Wisconsin is one of the battleground states in the 2020 presidential election. It seems that all is not well in counting votes in Wisconsin.
Just the News posted the following today:
The Constitution allows only for state legislatures to change the ways elections are conducted, but memos show Wisconsin election supervisors made three substantial changes in 2020 that impact potentially tens of thousands of ballots in a battleground state that Joe Biden won by just 20,000.
Records reviewed by Just the News show that an executive branch agency called the Wisconsin Election Commission:
- permitted local county election clerks to cure spoiled ballots by filling in missing addresses for witnesses even though state law invalidates any ballot without a witness address.
- exempted as many as 200,000 citizens from voter ID rules by allowing them to claim the COVID-19 pandemic caused them to be “indefinitely confined.”
- failed to purge 130,000 names from outdated voter rolls as required by law.
The question now is whether those changes — in particular the instructions allowing clerks to cure ballots with missing information — will open the door for the courts to intervene as President Trump looks to contest ballot practices in multiple battleground states. The Trump campaign is seeking a recount in Wisconsin.
“This is a complication thing about elections like this,” said Derek Muller, a professor of law at the Iowa School of Law and an expert in legal election matters. “I’ve seen it in a lot of jurisdictions, what might be sort of a technical violation of the statute, in this case encouragement to county clerks about how to use their judgment on whether or not to cure a ballot.”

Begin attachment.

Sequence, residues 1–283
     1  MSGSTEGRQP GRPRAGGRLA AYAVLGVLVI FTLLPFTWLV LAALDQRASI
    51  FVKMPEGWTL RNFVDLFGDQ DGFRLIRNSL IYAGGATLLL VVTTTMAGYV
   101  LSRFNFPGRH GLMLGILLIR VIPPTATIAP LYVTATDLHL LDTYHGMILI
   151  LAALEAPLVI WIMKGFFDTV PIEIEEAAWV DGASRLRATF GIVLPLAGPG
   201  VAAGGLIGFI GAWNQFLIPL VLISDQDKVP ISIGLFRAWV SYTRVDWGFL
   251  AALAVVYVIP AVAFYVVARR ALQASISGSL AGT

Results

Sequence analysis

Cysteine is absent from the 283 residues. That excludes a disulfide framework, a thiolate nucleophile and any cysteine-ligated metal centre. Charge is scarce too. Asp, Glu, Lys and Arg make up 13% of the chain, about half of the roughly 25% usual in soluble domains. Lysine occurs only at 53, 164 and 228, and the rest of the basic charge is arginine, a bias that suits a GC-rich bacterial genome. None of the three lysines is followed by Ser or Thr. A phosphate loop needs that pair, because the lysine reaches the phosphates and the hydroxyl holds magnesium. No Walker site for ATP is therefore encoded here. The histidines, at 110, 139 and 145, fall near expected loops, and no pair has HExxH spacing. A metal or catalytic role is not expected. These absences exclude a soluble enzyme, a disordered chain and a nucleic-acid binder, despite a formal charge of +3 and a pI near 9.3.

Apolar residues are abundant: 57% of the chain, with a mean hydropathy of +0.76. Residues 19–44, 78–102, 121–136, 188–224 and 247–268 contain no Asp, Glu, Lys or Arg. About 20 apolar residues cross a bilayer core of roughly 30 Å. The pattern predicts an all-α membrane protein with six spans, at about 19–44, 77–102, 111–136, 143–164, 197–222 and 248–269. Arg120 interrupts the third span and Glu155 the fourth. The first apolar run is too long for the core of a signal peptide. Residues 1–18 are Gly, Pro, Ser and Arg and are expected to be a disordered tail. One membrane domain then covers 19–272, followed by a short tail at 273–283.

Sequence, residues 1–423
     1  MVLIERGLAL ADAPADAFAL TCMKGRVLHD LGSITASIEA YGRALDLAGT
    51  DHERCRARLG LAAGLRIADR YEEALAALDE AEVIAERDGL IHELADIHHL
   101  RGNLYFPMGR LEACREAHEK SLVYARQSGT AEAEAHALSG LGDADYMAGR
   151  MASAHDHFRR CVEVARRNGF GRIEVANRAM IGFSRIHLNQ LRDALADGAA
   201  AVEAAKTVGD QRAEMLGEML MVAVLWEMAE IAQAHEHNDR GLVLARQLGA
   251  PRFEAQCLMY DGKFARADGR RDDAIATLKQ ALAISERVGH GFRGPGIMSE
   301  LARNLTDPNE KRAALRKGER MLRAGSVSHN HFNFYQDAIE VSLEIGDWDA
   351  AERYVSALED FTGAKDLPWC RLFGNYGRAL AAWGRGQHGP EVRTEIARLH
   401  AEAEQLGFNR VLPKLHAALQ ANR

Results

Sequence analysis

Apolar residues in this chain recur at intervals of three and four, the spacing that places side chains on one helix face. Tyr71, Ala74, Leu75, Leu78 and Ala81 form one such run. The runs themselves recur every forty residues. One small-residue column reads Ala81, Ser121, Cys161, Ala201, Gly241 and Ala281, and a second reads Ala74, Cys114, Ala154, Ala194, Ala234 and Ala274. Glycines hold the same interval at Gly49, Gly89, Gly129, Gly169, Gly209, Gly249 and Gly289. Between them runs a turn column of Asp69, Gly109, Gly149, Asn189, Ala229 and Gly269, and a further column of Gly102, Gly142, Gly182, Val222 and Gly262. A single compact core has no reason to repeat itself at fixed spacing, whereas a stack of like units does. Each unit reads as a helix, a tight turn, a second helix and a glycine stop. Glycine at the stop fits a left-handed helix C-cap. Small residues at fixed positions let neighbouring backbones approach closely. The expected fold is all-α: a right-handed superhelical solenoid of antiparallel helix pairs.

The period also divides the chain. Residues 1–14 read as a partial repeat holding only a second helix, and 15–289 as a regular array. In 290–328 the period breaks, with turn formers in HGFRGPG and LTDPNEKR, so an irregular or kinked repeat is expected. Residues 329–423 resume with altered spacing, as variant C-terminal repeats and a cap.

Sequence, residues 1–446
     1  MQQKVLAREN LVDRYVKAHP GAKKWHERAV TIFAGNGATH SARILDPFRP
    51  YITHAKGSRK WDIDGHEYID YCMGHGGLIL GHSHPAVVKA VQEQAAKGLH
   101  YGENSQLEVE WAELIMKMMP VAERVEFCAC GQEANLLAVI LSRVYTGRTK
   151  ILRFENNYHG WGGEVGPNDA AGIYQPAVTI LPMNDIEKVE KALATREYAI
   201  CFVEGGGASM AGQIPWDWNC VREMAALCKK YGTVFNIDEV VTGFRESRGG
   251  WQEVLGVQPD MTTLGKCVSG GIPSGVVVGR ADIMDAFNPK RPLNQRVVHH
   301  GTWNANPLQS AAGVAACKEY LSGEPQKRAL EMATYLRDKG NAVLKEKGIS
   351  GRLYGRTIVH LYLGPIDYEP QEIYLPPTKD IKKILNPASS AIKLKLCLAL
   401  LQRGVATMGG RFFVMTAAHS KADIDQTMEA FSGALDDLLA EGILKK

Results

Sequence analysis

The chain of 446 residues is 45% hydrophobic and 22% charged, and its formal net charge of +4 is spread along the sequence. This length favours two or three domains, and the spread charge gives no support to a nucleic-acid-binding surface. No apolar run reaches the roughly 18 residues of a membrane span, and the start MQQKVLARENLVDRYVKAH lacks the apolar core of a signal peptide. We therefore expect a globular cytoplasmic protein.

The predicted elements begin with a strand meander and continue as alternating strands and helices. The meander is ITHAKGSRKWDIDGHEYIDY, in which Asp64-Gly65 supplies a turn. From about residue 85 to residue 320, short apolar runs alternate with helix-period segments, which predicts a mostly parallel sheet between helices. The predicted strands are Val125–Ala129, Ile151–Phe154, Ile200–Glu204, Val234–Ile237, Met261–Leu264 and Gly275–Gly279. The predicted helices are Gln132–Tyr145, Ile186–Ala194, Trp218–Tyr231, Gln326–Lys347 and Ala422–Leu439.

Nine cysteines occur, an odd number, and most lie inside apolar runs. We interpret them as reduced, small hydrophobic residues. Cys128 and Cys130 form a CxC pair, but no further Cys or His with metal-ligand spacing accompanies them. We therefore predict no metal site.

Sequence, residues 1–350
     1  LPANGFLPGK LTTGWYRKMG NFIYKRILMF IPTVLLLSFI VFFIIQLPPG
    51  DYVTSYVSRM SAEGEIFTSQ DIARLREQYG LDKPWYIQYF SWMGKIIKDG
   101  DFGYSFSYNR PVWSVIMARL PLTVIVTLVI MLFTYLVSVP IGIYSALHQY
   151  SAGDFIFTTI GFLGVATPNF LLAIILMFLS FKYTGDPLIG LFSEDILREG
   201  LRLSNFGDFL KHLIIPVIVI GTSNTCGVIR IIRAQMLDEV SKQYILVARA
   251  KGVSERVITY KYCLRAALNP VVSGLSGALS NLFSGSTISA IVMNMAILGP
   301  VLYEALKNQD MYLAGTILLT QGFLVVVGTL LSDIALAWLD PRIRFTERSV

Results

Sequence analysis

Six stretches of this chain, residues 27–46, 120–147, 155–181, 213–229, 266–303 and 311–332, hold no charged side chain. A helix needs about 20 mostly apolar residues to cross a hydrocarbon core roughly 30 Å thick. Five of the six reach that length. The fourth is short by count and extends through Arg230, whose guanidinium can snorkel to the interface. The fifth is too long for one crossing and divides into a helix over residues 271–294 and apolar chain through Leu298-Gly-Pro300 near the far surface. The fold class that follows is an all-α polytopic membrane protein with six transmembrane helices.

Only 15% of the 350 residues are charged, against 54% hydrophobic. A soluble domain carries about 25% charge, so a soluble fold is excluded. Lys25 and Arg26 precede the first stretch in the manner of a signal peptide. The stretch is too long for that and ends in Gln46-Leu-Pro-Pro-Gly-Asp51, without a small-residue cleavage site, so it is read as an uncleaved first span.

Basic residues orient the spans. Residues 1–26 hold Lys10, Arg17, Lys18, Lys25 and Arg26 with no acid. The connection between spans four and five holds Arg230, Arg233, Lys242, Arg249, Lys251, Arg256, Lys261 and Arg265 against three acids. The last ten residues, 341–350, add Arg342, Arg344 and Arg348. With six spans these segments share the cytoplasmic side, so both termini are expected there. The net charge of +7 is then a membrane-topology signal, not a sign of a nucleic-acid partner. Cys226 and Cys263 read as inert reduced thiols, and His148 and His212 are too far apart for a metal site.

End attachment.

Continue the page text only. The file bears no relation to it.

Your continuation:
The law was changed by the Wisconsin Elections Commission with a directive in October. Their directive was contrary to state law.
There are also some other questions:
Earlier in the fall, the Wisconsin Supreme Court heard arguments from a conservative group arguing that around 130,000 voters should be purged from the voter rolls due to their having moved in between elections.
The Wisconsin Institute for Law and Liberty had argued that the Wisconsin Elections Commission was bound by law to remove the voters whose addresses it could not verify. The commission had asked to delay the removal until after the election, citing concerns that some voters might be improperly removed from the rolls.
A circuit court judge had ruled last year that the elections commission was required to remove the tens of thousands of voters that had been targeted for removal. The commission at the time refused to do so, leading to their being held in contempt of court.
I think we need a do-over in some states.